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Washing machine leaking?

If your washing machine is leaking, you may be able to continue your laundry routine for a time. But, left unaddressed, it's likely that the leak will only get worse — and potentially cause water damage that can be very expensive to remedy. That's why it's smart to act fast, pinpoint the issue, and arrange a repair you can count on.

Fortunately, your GE washing machine is in good hands with your local factory-trained specialist at GE Appliances Factory Service. We understand what makes GE appliances tick and how to resolve virtually any issue. We also travel with a full inventory of Genuine GE Appliances Parts, which means you can usually expect us to repair that leaky washing machine in just one visit.*

So let's take a look at the possible causes of your appliance's leak — all of which can be handled by our skilled technicians once you schedule your service online.

Pinpointing the problem

Washing machines are arguably the most powerful and dynamic household appliance, throwing around heavy loads of laundry day after day. All that weight and water means wear and tear can eventually take its toll, creating leaks where everything was watertight previously. But how do you know which part is the guilty culprit?

  • Hoses: If your washing machine leaks during the filling or draining stage, there's a good chance a hose is to blame — either the hose that connects the tub to the pump or the hose that runs to the external drain. These connections are potential weak points on all washing machines because they lose elasticity, develop splits, and gradually come away from their clamps. See if puddles form around the hoses, or if a rust deposit suggests a slow leak over time.
  • Pump: The pump takes water to the drain at the end of each cycle, but pump seals can eventually become brittle with age. Fortunately, this is not usually a complicated fix: most pump seals can be replaced fairly easily.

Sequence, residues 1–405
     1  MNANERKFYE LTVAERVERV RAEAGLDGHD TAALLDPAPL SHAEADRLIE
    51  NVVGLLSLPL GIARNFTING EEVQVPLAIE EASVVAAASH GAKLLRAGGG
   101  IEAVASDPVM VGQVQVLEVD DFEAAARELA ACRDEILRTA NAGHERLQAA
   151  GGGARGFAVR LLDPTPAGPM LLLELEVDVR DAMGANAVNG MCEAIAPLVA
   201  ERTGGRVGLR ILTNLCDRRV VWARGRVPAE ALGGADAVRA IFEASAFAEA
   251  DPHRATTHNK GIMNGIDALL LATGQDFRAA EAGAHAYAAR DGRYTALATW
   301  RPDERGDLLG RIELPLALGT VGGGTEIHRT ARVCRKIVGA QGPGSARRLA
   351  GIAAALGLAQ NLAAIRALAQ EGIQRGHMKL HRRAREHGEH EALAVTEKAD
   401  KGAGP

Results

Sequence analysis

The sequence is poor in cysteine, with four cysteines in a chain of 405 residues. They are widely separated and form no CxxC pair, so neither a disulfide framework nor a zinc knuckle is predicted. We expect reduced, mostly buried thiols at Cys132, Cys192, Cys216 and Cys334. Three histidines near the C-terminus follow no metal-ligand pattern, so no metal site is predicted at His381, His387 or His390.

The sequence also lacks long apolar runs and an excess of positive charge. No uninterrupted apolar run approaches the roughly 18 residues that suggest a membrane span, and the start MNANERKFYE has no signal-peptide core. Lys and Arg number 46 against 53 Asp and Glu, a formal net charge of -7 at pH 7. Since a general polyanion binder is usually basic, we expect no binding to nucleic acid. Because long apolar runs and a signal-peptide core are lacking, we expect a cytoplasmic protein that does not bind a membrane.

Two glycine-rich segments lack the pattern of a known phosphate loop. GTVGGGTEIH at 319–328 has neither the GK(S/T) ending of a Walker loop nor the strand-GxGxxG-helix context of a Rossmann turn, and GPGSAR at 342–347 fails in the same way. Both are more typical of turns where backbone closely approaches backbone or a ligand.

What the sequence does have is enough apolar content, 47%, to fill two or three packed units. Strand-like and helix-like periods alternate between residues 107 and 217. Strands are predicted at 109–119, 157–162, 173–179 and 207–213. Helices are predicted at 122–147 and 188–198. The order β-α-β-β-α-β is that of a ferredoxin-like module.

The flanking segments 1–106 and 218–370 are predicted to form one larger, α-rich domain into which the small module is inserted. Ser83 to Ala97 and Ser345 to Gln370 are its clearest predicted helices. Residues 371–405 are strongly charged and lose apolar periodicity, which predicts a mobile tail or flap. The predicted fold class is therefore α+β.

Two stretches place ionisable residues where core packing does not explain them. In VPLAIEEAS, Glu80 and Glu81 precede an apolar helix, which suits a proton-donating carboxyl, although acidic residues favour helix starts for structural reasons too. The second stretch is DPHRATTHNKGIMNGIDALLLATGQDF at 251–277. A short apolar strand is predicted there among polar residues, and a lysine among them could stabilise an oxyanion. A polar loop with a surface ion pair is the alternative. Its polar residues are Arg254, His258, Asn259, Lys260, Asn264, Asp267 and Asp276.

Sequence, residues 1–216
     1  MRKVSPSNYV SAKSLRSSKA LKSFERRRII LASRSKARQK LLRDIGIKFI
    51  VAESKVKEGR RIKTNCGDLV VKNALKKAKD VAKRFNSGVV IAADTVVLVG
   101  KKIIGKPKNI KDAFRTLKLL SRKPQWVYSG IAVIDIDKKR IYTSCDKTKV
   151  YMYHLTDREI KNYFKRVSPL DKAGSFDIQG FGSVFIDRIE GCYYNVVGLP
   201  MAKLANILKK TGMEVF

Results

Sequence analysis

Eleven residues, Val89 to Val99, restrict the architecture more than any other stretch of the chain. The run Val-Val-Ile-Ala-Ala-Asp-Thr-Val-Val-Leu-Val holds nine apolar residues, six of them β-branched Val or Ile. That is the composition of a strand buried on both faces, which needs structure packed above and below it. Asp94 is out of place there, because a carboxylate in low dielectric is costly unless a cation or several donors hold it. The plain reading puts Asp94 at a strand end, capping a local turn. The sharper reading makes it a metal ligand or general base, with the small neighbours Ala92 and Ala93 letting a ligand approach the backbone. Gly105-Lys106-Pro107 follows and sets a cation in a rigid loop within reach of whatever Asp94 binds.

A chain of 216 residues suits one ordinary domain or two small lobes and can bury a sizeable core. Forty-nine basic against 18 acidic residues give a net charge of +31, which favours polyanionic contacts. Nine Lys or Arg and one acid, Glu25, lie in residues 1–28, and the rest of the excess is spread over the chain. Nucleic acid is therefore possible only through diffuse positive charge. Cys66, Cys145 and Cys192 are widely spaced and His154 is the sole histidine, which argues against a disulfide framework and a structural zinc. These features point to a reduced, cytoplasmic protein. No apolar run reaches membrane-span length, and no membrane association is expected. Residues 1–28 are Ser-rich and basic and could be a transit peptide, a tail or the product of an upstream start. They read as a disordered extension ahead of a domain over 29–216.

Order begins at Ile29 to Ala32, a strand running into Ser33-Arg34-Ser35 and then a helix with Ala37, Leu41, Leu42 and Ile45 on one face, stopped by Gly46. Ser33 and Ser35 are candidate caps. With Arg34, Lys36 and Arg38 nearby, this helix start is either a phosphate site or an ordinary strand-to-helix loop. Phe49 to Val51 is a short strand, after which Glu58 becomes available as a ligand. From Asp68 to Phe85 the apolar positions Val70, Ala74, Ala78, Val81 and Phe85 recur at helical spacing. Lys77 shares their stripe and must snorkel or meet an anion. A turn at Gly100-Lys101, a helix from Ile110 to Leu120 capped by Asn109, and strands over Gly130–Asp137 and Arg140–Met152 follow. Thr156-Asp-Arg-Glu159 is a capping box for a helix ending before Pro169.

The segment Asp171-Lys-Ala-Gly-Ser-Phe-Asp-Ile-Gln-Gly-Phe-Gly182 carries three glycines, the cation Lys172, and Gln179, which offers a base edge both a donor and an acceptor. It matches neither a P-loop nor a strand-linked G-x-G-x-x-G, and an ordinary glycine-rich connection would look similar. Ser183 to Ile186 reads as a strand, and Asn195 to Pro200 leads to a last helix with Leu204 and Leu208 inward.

• Tub seals: If your washing machine tends to leak during a wash cycle (rather than at the beginning or end), one or more tub seals could be to blame. Whether it's at the point where the agitator meets the tub base, or the large seal around the inside lid, when seals fail there's usually only one result: an annoying leak every time you put a load of laundry in.
  • Water inlet valve: This valve is positioned where the water supply enters the back of your washing machine. If your leak occurs only when the washing machine is filling up, there's a very good chance this inlet valve has failed — or is about to fail. See if water leaks out at the start of a wash cycle. If it does, call in your local GE Appliances Factory Service professional, who will check if the inlet hoses are secure or the valve itself has cracks or other damage.
  • Oversudsing: Your leak may not have a mechanical cause. If water escapes from the tub lid during a wash cycle, you may be using too much detergent. Try rinsing the tub with an 8:1 water-vinegar mix before choosing a new detergent — or simply use less detergent in each load.

Plug that leak today

Many washing machine leaks have simple causes, but that doesn't always mean the fix is equally straightforward. You can get your laundry routine back on track with GE Appliances Factory Service. Our local professionals know GE washing machines inside and out — and they have the tools and parts to almost always get the job done the same day.*

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